Right now, you might be feeling extra grateful for postal workers delivering mail and packages every day. But mail carriers aren’t allowed to accept cash tips or gifts worth more than $20 in value.

“What you could do for somebody you appreciate is leave a nice candy in the mailbox or a gift card for a cup of coffee,” Gottsman says.

What about your local boutique that’s started delivering home goods, or the pet supply store that’s delivering dog food? Many small retail businesses don’t expect tips, Swann says, but now is a great time to show gratitude by posting a glowing review online.

“Not only should we be patronizing our businesses, but we should be putting forth an effort to highlight our positive experiences,” she says. “If they can get that virtual high-five during this time, that would be very helpful.”

5. Be cautious with cash

For online or phone orders, you’ll likely add the tip when you provide your credit card information. But what about cash tips at a time when we’re all trying to eliminate unnecessary physical contact?

“If you do have to tip in cash, to put [workers] at ease, put the cash in an envelope in advance,” Swann says. “One of the core values of etiquette is to make sure we’re doing everything we can to put others at ease.”

And of course, if cash changes hands, sanitize or wash your hands before and after the interaction and follow Centers for Disease Control guidelines for maintaining safe social distance.

6. Tip on the total, not the subtotal

It’s the perennial debate: Should you tip on the subtotal before tax, or the total after tax?

“Just tip on the whole thing,” Gottsman says. As essential workers gear up in masks and gloves and take extra precautions to deliver food and necessities so the rest of us can stay home, now isn’t the time to be stingy.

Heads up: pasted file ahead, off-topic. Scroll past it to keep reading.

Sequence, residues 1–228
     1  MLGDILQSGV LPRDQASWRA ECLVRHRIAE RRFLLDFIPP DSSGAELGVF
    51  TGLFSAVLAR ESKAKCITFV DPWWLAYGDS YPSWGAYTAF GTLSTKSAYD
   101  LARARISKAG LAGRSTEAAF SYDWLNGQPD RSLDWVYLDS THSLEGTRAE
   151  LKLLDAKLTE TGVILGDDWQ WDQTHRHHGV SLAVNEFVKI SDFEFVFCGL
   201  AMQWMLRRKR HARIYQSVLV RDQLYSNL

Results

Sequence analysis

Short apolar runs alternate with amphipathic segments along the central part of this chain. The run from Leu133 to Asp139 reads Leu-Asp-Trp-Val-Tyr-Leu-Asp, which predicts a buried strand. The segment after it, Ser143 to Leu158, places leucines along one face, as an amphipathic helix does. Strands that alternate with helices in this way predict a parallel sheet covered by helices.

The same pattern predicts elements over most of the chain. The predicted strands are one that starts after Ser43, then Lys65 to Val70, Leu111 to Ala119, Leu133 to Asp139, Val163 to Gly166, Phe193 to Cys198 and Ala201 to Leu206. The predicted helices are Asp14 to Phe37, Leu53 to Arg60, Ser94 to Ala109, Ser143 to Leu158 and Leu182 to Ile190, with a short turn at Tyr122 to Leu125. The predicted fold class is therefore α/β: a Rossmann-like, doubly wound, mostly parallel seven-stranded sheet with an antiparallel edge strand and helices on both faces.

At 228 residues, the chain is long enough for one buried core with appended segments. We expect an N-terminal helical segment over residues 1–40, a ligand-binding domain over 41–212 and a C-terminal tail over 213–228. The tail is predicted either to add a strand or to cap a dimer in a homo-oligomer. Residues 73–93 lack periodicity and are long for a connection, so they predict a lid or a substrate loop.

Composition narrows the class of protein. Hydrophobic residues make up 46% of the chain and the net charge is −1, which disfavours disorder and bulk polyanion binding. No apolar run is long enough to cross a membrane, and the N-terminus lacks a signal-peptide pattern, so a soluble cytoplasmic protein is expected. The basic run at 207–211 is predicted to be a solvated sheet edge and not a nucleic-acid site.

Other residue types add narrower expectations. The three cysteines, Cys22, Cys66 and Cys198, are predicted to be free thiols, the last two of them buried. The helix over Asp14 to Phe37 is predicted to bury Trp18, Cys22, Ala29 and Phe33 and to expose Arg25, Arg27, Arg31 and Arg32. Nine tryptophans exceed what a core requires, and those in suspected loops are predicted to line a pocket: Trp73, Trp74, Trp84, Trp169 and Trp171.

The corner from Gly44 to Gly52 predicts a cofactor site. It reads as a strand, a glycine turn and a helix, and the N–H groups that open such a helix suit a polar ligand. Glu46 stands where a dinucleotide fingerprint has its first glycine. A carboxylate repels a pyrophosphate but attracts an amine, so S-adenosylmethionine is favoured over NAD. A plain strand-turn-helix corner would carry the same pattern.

“Do those few pennies matter? I think they matter to that person [you’re tipping],” she says.

7. Consider tipping contractors, fitness instructors, and others who go above and beyond

You probably wouldn’t normally tip a plumber or electrician who comes into your home, but if you can afford it, it’s not a bad idea, Gottsman says.

“If they come out in the middle of the night or they come out all masked and covered up, you might offer to give them some extra gratuity,” she says. “More than likely they will take it. … They aren’t having the businesses they normally have.”

If your favorite trainer or fitness instructor offers free workout plans or streaming classes while gyms are closed, you may also want to send them a tip on Venmo or PayPal.

“If they’re not charging you but just doing it to keep you going, then why not go ahead and send them a little something?” Swann asks.

8. When in doubt, just do what you can

This is a tough financial time for many people. If tipping above and beyond your normal amount feels out of reach, don’t beat yourself up—just do what’s in your budget.

“The bottom line is, we give what we can afford at this time,” Gottsman says. “Some people are not impacted at all financially, and some people don’t have jobs. To say across the board that everyone should tip more would be unfair.”

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Source: realtor.com